rbenv is a new lightweight Ruby version management tool built by Sam Stephenson (of 37signals and Prototype.js fame).
The established leader in the Ruby version management scene is RVM but rbenv is an interesting alternative if you want or need something significantly lighter with fewer features. Think of it as a bit like Sinatra and Rails. It’s not about which is the best, it’s about which is better for you and your current requirements.
What’s the deal with rbenv?
Compared to RVM, rbenv is light. For example, it doesn’t include any mechanism to install Ruby implementations like RVM does. Its sole job is to manage multiple Ruby “environments” and it allows you to quickly switch between Ruby implementations either on a local directory or default ‘system-wide’ basis.
With rbenv, you install Ruby implementations manually or, if you prefer a little help, you can try ruby-build, another project of Sam’s that provides RVM esque recipes for installing seven popular Ruby implementation and version combos.
rbenv primarily works by creating ‘shim’ files in
~/.rbenv/shims which call up the correct version of files for each Ruby implementation behind the scenes. This means
~/.rbenv/shims will be in your path and there’s no threat of incompatibilities between libraries or systems like Bundler and rbenv.
The key thing to be aware of, however, is that if you install a gem that includes ‘binaries’ (or any generally available command line scripts), you need to run
rbenv rehash so that rbenv can create the necessary shim files.
How to Install rbenv
Firstly, it’s worth noting that by default rbenv is incompatible with RVM because RVM overrides the
gem command with a function. This means to get the full rbenv experience you’ll need to do a
rvm implode to wipe away your RVM installation or, at the least, remove/comment out the RVM loader line in your
The installation instructions for rbenv are likely to change fast due to its youth, so I suggest the README. However, rbenv has just been made into a homebrew package on OS X, so if you’re a homebrew user (and if you’re not, check out my screencast), try:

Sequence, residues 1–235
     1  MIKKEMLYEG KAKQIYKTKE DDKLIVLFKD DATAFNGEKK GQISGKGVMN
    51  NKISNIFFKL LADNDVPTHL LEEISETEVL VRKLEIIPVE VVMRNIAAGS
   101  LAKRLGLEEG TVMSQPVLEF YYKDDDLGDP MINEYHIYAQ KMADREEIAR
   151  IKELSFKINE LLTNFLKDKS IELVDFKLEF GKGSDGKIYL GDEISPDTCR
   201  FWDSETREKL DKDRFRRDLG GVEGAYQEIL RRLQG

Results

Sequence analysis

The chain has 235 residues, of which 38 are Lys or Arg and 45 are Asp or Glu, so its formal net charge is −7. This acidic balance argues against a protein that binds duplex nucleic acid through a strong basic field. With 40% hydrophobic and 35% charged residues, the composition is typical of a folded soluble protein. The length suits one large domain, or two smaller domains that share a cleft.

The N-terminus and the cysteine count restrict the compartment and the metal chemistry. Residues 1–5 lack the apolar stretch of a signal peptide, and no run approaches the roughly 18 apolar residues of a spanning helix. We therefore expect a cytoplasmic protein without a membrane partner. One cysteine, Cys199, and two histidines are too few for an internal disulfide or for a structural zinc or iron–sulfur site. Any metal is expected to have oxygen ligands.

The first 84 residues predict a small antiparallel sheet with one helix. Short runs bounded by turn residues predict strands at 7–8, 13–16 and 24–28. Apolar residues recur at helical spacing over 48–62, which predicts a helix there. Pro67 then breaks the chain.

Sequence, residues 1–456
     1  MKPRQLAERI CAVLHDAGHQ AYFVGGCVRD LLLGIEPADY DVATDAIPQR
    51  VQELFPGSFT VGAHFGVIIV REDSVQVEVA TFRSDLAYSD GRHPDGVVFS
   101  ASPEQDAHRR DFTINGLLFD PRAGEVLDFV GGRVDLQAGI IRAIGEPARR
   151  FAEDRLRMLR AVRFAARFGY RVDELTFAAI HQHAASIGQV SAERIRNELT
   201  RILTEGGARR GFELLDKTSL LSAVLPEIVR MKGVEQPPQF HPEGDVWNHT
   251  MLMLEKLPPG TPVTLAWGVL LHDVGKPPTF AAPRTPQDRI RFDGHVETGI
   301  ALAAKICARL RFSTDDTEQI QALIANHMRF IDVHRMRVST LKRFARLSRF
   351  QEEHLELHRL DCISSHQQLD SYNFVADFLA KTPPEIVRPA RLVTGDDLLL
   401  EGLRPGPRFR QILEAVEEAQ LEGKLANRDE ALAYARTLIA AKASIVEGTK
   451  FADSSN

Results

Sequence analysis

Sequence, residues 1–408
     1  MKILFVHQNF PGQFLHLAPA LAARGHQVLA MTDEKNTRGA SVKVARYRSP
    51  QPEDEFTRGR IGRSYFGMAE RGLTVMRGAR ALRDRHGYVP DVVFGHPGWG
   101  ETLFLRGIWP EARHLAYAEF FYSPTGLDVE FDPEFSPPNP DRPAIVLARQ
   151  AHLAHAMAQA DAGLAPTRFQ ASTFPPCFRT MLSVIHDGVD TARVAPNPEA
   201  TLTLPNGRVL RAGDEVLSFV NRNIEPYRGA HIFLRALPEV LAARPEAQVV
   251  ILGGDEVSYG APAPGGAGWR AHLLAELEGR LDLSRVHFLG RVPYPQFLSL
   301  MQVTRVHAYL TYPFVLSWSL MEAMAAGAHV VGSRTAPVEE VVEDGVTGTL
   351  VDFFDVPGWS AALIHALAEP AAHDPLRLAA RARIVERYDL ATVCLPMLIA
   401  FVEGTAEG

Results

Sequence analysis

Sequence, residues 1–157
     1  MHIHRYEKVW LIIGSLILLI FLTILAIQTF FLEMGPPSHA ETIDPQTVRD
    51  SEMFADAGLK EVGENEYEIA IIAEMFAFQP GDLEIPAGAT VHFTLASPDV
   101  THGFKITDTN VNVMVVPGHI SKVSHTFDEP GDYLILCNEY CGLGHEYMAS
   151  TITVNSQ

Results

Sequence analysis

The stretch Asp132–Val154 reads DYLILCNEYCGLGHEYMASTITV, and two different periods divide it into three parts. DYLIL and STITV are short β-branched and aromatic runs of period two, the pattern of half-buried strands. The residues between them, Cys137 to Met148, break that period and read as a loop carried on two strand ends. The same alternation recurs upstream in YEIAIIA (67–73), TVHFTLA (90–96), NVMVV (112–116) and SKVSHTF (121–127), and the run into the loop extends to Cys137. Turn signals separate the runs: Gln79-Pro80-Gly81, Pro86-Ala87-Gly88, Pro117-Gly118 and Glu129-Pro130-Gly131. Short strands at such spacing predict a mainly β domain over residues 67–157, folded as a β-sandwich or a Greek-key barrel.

brew install rbenv
And then add this line to your
~/.bash_profile or equivalent:
eval "$(rbenv init -)"
When you open a new shell now, you can run commands like
rbenv version to see what’s going on.
rbenv versions should return nothing since you won’t have any rbenv-enabled Ruby installations yet, so move on to the next step..
Installing Implementations for rbenv
If you have ruby-build installed, getting, say, Ruby 1.9.2-p290 installed is easy:
ruby-build 1.9.2-p290 $HOME/.rbenv/versions/1.9.2-p290
If you prefer to download tarballs and do your own Ruby installs, however, you just need to set the directory prefix at the
./configure stage in most cases. For example:
Once you’ve installed a new Ruby in this way, you need to run
rbenv rehash in order for rbenv to create the ‘shim’ binaries necessary to make the correction version of Ruby available on the path at all times.
The RVM Splashback
In the interests of completeness, it’d be amiss to not mention the minor drama that kicked off on Twitter and Hacker News about rbenv’s release.
rbenv made its way on to Hacker News where, surprisingly, many people railed against RVM. This, coupled with a slightly antagonistic tone taken by rbenv’s README (which has now been taken away), led RVM’s maintainer Wayne E Seguin to vent some pressure on Twitter:
Sam quickly clarified his position:
Nonetheless, Wayne took a little time off, and a campaign to encourage donations to Wayne for his work on RVM was kicked off on Twitter (by Ryan Bates, I believe). The campaign went well, taking RVM’s donations from $7468 to $11370 (at time of writing), a jump of almost $4000 in a few days.
Part of the complaint made in rbenv’s README was about RVM’s “obnoxious” redefinition of the “cd” shell builtin. Essentially, RVM would create a new function which called “cd” but also took into account any .rvmrc files present in each directory so that it could change Ruby version automatically. While there was some validity to this concern, Ben Atkin took some time to write a blog post correcting some of the misinformation on this point.
In the end, however, all seems to be well, and Wayne is already making regular commits to the RVM project again just days later. Hopefully the outpouring of support from the Ruby community for RVM over the past couple of days has shown Wayne that RVM still has a significant user base, most of who aren’t going anywhere new anytime soon. If you want to help out, of course, you can still donate to the RVM Pledgie.
If you’re happy with RVM, there’s not much in rbenv to really leap to. It’s just a lighter and more modular way to achieve the basic functionality that RVM provides while missing out on a lot more (although you can use rbenv-gemset to get some basic gemset-like features).
If, however, you want something “lighter” than RVM, rbenv is certainly worth a look. Its approach feels cleaner and more transparent at a certain level, and if this is of utmost importance to you, you may prefer it. I suspect for the most part, however, RVM’s well-deserved dominance of this area will be maintained.
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